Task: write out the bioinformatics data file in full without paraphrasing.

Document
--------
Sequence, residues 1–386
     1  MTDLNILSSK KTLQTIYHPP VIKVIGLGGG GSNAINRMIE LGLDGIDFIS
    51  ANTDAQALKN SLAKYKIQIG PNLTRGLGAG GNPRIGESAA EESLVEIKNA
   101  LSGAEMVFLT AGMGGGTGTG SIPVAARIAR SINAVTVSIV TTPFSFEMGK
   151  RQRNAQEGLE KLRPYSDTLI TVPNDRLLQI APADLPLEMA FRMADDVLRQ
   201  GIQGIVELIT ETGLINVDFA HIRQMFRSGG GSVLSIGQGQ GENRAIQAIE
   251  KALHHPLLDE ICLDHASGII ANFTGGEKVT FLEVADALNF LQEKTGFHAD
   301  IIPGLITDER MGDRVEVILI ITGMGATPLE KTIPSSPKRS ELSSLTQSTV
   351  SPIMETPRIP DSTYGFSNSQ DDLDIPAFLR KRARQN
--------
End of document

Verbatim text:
Sequence, residues 1–386
     1  MTDLNILSSK KTLQTIYHPP VIKVIGLGGG GSNAINRMIE LGLDGIDFIS
    51  ANTDAQALKN SLAKYKIQIG PNLTRGLGAG GNPRIGESAA EESLVEIKNA
   101  LSGAEMVFLT AGMGGGTGTG SIPVAARIAR SINAVTVSIV TTPFSFEMGK
   151  RQRNAQEGLE KLRPYSDTLI TVPNDRLLQI APADLPLEMA FRMADDVLRQ
   201  GIQGIVELIT ETGLINVDFA HIRQMFRSGG GSVLSIGQGQ GENRAIQAIE
   251  KALHHPLLDE ICLDHASGII ANFTGGEKVT FLEVADALNF LQEKTGFHAD
   301  IIPGLITDER MGDRVEVILI ITGMGATPLE KTIPSSPKRS ELSSLTQSTV
   351  SPIMETPRIP DSTYGFSNSQ DDLDIPAFLR KRARQN